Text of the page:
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Patrick Lawler
Poet Patrick Lawler to Read From His Work

Poet Patrick Lawler, writer-in-residence at LeMoyne College, will read from his work on Monday, Feb. 2, at 8 p.m., in Dwight Lounge, Bristol Campus Center. The reading, which is free and open to the public, is part of the English and Creative Writing Spring 2015 Reading Series.  More ...

First Online Courses Debut via edX

A few days shy of the one-year anniversary of Hamilton and Colgate jointly announcing their partnership as new contributing members in the nonprofit, online learning platform edX,  two online interactive courses led by Hamilton professors will be launched.  More ...

Brent Plate, Rob Knight
Hamilton Featured in Wall St. Journal and New York Times Letters

Hamilton research projects were featured in letters to the editor in both The New York Times and The Wall Street Journal this week. On Jan. 13, a letter by Visiting Associate Professor of Religious Studies S. Brent Plate and Assistant Professor of Art Robert Knight about their research on the transition of sacred spaces was published by the Journal. A letter by Senior Director of Media Relations Vige Barrie about a Levitt Youth Poll was included in the Jan. 13 edition of the Times.  More ...

Corinne Bancroft '10 and Peter Rabinowitz
Rabinowitz and Bancroft ’10 Present at NCTE Convention

Peter J. Rabinowitz and Corinne Bancroft ’10 were invited to lead an interactive session at the National Council of Teachers of English Conference on Nov. 21, in Washington, D.C. Rabinowitz is the Carolyn C. and David M. Ellis ’38 Distinguished Teaching Professor of Comparative Literature.  More ...

Frank Lentricchia
Author and Utica College Graduate to Read, Lecture

Frank Lentricchia, Utica College graduate and literary critic, novelist and film professor, will present two events at Hamilton as part of the English Department’s Fall 2014 Reading Series. Lentricchia will read from his most recent work, Dog Killer of Utica: An Eliot Conte Mystery, on Monday, Nov. 3, at 4:10 p.m., in Dwight Lounge, Bristol Campus Center. He will present a talk titled “Writing as an Italian-American?” on Tuesday, Nov. 4, at 7:30 p.m., in the Burke Library All Night Reading Room. Both events are free and open to the public.  More ...

Hamilton to Host Events Celebrating Life and Work of Agha Shahid Ali

Kashmiri-American poet Agha Shahid Ali, a former Hamilton College professor, will be honored through a series of events taking place at Hamilton on Sept. 19-20. The symposium, which is a part of The Beloved Witness Project, will celebrate his life as a renowned poet, teacher and influential author.  More ...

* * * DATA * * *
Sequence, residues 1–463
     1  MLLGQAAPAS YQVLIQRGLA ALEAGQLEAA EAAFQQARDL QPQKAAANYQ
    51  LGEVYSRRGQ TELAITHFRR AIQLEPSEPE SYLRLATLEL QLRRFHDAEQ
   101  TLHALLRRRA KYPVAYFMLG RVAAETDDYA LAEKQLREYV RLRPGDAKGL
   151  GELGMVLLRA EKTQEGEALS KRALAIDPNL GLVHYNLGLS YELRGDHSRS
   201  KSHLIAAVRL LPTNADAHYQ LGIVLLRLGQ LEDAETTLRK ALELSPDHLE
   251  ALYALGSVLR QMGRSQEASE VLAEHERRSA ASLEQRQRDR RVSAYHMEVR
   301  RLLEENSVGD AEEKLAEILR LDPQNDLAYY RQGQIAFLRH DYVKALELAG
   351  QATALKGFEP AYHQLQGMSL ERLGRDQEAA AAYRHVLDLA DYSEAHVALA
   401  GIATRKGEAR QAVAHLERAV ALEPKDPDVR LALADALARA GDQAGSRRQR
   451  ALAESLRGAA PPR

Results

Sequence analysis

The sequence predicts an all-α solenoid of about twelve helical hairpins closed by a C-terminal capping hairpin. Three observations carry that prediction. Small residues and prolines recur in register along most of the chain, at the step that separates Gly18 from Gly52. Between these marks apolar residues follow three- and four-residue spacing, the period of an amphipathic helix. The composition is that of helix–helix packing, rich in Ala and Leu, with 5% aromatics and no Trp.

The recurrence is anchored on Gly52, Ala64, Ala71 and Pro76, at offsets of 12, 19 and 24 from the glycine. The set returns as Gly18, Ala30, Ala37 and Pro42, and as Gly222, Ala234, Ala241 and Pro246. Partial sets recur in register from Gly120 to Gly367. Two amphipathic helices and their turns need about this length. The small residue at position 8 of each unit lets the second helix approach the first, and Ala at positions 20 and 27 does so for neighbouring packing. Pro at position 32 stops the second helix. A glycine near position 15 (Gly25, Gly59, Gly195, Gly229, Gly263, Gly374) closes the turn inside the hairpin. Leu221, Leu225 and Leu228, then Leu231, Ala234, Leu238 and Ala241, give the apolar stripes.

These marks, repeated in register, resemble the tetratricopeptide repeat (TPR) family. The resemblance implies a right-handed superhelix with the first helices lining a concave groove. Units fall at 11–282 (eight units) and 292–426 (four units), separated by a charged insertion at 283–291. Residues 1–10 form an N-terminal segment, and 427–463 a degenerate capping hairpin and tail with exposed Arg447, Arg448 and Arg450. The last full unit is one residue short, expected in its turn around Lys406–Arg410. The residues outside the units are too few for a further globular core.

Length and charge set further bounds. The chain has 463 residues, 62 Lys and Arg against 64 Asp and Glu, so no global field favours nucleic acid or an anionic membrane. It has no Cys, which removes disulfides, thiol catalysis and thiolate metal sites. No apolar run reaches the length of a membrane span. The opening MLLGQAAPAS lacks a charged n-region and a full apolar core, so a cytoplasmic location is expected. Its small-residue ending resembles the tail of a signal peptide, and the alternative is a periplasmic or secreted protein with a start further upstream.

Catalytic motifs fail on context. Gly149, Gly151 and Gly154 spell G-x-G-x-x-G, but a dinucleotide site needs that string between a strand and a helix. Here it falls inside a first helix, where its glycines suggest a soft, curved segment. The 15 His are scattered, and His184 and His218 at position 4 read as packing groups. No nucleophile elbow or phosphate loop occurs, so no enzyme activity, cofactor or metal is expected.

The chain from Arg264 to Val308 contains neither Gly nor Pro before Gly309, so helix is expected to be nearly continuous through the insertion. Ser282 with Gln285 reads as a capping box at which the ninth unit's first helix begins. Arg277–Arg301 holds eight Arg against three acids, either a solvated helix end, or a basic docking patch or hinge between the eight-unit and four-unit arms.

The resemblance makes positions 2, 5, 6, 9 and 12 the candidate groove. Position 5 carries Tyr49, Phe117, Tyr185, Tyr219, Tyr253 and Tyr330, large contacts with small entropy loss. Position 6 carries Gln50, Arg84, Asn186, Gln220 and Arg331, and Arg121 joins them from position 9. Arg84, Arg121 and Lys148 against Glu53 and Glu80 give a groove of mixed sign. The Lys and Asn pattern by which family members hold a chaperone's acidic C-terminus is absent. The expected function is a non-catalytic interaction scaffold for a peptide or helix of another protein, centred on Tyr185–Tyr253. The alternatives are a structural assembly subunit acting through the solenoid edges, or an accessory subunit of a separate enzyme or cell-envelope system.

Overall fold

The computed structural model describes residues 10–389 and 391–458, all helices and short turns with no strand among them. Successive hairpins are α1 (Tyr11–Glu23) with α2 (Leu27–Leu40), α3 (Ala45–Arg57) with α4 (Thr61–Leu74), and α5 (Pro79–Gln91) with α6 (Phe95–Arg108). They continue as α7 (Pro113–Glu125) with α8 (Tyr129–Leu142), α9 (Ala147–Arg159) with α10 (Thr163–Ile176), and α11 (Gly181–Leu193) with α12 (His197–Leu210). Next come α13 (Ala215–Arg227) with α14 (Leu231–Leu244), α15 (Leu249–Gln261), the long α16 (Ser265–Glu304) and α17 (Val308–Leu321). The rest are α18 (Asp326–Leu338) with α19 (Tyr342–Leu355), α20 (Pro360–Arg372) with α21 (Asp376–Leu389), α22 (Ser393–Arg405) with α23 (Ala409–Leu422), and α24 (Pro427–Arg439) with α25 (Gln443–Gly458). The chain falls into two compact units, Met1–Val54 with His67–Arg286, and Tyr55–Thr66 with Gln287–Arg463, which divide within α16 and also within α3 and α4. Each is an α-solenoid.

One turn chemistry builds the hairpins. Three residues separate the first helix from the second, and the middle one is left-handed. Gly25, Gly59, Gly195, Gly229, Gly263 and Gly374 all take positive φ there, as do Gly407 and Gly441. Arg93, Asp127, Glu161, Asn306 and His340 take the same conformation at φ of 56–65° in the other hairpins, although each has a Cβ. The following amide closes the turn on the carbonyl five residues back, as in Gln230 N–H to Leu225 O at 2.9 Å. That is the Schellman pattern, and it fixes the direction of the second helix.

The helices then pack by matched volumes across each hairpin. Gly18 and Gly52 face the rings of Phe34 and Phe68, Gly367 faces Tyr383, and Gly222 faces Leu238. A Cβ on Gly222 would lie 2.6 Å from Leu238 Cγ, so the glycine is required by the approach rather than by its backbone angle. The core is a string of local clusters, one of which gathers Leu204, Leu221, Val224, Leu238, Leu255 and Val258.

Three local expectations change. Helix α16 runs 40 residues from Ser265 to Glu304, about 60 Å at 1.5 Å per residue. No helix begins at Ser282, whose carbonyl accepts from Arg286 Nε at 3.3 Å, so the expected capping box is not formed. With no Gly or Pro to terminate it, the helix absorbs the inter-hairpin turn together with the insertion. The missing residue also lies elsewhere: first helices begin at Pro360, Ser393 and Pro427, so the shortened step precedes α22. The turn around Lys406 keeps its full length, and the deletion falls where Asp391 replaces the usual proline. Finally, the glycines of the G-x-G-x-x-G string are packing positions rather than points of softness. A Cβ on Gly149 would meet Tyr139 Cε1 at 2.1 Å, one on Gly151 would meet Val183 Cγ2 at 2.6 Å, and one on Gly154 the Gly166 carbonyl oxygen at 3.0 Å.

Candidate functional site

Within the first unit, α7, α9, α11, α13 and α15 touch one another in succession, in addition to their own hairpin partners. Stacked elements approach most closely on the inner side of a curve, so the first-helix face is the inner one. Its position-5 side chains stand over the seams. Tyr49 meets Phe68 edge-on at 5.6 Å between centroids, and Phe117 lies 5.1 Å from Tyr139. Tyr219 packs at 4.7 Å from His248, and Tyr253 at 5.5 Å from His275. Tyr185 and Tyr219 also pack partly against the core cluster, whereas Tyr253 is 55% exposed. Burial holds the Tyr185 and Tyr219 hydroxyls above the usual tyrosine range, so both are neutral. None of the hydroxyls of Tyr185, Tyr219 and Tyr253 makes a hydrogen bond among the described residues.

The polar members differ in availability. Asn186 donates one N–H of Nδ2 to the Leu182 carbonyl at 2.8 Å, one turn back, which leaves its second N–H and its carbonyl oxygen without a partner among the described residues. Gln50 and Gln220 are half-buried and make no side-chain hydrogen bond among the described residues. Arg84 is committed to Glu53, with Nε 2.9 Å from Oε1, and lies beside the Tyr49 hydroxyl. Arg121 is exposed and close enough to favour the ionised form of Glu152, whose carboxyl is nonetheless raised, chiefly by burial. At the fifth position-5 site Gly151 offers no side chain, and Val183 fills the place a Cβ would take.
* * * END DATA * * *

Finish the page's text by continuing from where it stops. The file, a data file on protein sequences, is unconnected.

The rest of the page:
Daniel Mendelsohn
Best-selling Author, Bard College Professor Daniel Mendelsohn to Lecture

Best-selling author and Bard College professor Daniel Mendelsohn will present a lecture, An Odyssey: A Father, A Son, and An Epic at Hamilton College on Thursday, Sept. 18, at 4:10 p.m., in the Taylor Science Center’s Kennedy Auditorium. The lecture is free and open to the public.  More ...

Andrew Rippeon
Rippeon Publishes Article

An article by Visiting Assistant Professor of English and Creative Writing Andrew Rippeon has been published in the current issue of Contemporary Literature. His article, "Bebop, Broadcast, Podcast, Audioglyph: Scanning Kamau Brathwaite's Mediated Sounds," examines the role sound media have played in the development of the Barbadian poet's politics and poetics.  More ...

Hannah Chappell '15 and Professor of English Onno Oerlemans.
Hannah Chappell ’15 Examines the Intersection of Literature and Dance

For her Emerson Grant this summer, Hannah Chappell ’15 is working with Professor of English Onno Oerlemans on a project titled “Moving Through Language: The Intersection of Literature, Dance and Performance.” She'll research authors whose texts contain elements of dance; choreographers and dancers whose work includes elements of literature;  and examine how literary theory can be applied to dance.  More ...

John Rufo '16
The Echoes of Ezra Pound

The Cantos, by 1905 Hamilton alumnus Ezra Pound, is an 800-page, unfinished epic poem that is divided into 120 sections, or cantos. The work is widely regarded as controversial due to its experimental style, being loosely structured and arcane, and Pound’s publicized fascist sympathies. “A good deal of the political and economic material in the Cantos is [infamously] wrong-headed,” John Rufo ’16 stated, “but the poetic method and forms are not inherently fascist or anything like that.”  More ...

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